This is a bit of a nit but I did find their documentation of the JSON Graph feature annoying in a way that is common to many frameworks. Most non-trivial data models cannot be modeled as simple trees. There are certain objects in the data model that need to be referenced from multiple places. In database terms, that is why you normalize the data model, break your application data model into multiple tables and use “foreign keys” to link between tables. There are good reasons to standardize this mechanism within the framework (not least because their decision to model the data as a single tree rather than allow multiple trees requires it). The annoying bit is that you spend all this time reading about the mechanism and have to figure out for yourself “oh, this is just your local solution to the common problem ‘X’ that everyone needs to solve”. In fact, often because ‘X’ is such a key common architectural element, it tends to accrete additional framework-specific functionality and that documentation detail further obscures that its real core purpose is just this one basic thing.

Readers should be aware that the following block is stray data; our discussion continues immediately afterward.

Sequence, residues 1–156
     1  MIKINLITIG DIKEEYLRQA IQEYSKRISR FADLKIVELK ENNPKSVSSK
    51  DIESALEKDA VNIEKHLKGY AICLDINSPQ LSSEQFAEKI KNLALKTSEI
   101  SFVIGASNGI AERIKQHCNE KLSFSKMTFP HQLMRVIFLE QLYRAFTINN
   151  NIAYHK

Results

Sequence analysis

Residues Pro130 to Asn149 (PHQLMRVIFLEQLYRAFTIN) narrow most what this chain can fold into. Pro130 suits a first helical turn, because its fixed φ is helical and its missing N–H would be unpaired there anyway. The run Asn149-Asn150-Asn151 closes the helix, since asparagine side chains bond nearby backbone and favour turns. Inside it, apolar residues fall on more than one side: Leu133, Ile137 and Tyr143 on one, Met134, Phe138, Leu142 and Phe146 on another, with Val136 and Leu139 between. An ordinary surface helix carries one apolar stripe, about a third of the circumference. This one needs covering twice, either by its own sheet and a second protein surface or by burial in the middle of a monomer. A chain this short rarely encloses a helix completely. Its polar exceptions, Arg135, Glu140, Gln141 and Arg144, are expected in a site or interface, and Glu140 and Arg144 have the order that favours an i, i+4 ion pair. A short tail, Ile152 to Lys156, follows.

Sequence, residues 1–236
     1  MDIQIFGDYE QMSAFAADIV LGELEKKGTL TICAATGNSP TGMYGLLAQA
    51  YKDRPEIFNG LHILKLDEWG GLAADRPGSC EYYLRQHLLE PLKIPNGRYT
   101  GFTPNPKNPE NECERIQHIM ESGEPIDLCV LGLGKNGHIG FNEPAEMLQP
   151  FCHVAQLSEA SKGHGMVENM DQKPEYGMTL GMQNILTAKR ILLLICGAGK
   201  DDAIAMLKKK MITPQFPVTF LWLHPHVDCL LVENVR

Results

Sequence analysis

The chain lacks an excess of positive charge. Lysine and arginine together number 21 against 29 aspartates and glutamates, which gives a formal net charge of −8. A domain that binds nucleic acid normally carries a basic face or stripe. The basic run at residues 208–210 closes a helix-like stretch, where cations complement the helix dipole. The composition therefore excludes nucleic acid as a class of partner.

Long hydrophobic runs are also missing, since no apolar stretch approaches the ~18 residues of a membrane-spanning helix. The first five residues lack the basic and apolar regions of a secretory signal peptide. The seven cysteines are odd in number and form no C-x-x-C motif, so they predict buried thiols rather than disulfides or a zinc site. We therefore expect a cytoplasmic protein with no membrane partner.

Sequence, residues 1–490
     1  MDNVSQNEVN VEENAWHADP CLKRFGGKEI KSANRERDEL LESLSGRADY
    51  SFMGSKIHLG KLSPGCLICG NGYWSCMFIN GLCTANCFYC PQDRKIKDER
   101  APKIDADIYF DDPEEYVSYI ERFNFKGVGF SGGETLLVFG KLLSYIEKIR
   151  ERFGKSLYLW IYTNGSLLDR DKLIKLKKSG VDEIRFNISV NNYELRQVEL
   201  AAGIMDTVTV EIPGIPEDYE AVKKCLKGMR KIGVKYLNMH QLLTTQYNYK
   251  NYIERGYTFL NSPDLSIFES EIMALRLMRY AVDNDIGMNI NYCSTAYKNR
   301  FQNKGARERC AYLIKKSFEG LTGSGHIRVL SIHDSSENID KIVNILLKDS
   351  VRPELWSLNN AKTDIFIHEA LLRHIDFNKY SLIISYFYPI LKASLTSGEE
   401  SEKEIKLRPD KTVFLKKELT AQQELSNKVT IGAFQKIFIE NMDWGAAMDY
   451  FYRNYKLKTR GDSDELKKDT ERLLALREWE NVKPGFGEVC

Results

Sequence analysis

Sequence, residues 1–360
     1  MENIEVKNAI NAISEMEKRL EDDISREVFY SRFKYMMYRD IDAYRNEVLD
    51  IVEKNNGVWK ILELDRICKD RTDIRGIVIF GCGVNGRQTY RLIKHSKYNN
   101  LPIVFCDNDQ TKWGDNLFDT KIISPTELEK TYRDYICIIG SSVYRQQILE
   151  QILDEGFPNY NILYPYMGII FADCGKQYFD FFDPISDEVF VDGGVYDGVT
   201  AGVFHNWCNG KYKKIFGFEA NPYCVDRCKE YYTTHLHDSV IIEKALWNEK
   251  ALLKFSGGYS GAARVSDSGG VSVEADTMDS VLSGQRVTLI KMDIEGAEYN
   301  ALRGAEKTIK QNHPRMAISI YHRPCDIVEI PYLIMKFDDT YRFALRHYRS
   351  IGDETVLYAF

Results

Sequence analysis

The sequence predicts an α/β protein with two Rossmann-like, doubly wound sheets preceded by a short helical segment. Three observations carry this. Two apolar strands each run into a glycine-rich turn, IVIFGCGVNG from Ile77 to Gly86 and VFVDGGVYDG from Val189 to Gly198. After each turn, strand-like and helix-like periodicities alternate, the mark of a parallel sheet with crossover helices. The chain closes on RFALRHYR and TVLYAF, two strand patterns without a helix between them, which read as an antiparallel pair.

So how does all this roll up? I’ll first reiterate that this is supposed to be an example of an analysis where you haven’t done the more time-consuming work of building real prototypes, talking with existing clients and overall pounding on the component. That can be critical parts of the process for components you end up coming to depend on but you also need to be able to stage your investigation and investment — and some issues only arise over time and after significant investment as well. For that reason, you also want a good conceptual model for the key value the component is providing in a way that can be fairly simply stated and evaluated.
This component is clearly software that has been an integral part of a set of very popular applications. That is a big endorsement.